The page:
Sunday, June 22, 2008

Native bragging rights


A woman in Denver once looked at me kind of funny and asked me about the way I talk. “Where are you from?,” she said. “I don’t recognize your accent.” She seemed a bit embarrassed upon learning the truth.
I’m from Colorado — a third-generation native. Maybe it was my reference to the “crick” rather than creek that gives me away.
My Great-Grandfather William S. Taylor, and his family were farming and surveying for the United States Geological Survey in Axial Basin, (near Hamilton) Colorado shortly after the Thornburg ambush and the Meeker Massacre in 1879.
William S. Taylor followed out his brother, Gene Taylor, an Indian Scout for the White River Indian Agency of Meeker Massacre fame, in the spring of 1882 from Minnesota. They brought their infant daughter, my Great Aunt Ruth with them on the train to Rawlins, Wyoming and then transferred themselves and their belongings to finish the trip to Axial basin via team and wagon. My Great Aunt Verda, my Grandma Cecil, Uncle Milton and Aunt Marion were all born there in Axial Basin and went to the one room school there.
Owen Carrigan, my granddad, filed his first Colorado homestead claim 1914. He also hailed from Minnesota country, by way of the Dakotas. He came here to escape Asthma and finish recovering from a broken leg he suffered when a horse fell with him while punching cows for a Texas-owned outfit in the Dakotas.
His mother, Minnie Buce Carrigan, wrote the popular book “Captured by the Indians, Reminiscences of Pioneer Life in Minnesota.” It is an account of her captivity among the Sioux after the 1862 uprising and her subsequent experience as an orphan. In the book, she describes her life as a young German immigrant girl prior to her capture and the ten weeks she lived with her captors until being freed by the United States Army.
In a state where “whiskey is for drinking and water is for fighting over,” two bodies of water in Rio Blanco county bear granddad’s name, Owen Carrigan Reservoir and Owen Carrigan Ditch. I am proud of the fact that, as a family, we go way back around here. Not everyone can say that.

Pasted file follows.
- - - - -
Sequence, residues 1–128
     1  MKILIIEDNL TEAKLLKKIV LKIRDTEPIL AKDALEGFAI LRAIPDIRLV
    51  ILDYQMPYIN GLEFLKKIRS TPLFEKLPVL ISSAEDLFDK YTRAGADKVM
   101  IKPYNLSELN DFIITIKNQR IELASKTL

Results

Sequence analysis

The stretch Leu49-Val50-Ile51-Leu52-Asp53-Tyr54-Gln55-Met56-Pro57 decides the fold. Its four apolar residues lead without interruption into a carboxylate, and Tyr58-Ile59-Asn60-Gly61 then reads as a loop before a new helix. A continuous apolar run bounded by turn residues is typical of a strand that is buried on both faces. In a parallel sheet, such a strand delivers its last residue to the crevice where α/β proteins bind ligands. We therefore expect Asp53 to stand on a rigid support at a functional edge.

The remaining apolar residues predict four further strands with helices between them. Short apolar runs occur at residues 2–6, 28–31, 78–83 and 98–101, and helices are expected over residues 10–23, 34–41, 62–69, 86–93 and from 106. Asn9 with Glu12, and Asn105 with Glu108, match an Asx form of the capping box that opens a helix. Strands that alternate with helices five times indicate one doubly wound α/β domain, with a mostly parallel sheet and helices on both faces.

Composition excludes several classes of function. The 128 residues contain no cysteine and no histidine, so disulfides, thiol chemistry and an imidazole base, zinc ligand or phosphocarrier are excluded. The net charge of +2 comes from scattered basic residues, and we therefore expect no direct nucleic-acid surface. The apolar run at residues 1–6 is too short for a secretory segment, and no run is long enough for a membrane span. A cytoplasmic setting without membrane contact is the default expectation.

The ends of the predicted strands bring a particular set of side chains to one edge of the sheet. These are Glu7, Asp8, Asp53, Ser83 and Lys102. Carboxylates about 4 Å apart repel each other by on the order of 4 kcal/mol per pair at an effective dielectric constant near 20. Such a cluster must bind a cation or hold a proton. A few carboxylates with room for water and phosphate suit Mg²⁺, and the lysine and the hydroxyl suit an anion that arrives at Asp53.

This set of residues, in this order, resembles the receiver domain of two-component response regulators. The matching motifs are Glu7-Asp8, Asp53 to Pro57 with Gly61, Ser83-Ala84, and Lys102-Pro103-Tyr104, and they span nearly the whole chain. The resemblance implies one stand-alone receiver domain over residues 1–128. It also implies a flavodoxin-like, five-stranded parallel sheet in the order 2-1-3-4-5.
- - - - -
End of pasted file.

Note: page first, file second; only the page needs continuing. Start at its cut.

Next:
At last count, more than 4.3 million people lived here in the state. In the decade between 1990 and 2000, Colorado’s population increased 30.6 percent. At last Census, we were the third fastest going state in the nation. In my lifetime (and I’m a young ‘fella’) the state’s population has more than doubled.
For a 10-year stretch starting in the late 1980s, I left the state and lived in California. When I left, there was no such thing as Highlands Ranch. When I returned in 1996, boom, 70,000 people lived there.
Does that native status afford us any special privileges or consideration? Hardly, unless you want to count the ability to buy “pioneer” plates. Bragging rights is the one true benefit.
But there is something to that. After all, this is the same state that leads the nation in beer production per capita, has over 300 days of sunshine a year, and is home to the “Pinto Bean Capital of the World” (Dove Creek).
But a being native in this state means different things to different folks. You can’t even slap a decent stereotype on longtime residents here. It’s a big state and someone born and raised on the West Slope will operate with a completely contrasting bent from a Denver native. A cattle rancher from Yellow Jacket in South West Colorado may have nothing in common with someone in the same line of work from Holyoke in the North East.
Colorado historically is a study in contrasts: boom and bust, ‘flatlanders’ and ‘hillbillies,’ rich and poor, ski areas and steel mills, Front Range and Western Slope, miners and farmers, newcomers and natives.
Interestingly enough, maybe that’s why my accent sounds a little funny to some of you.
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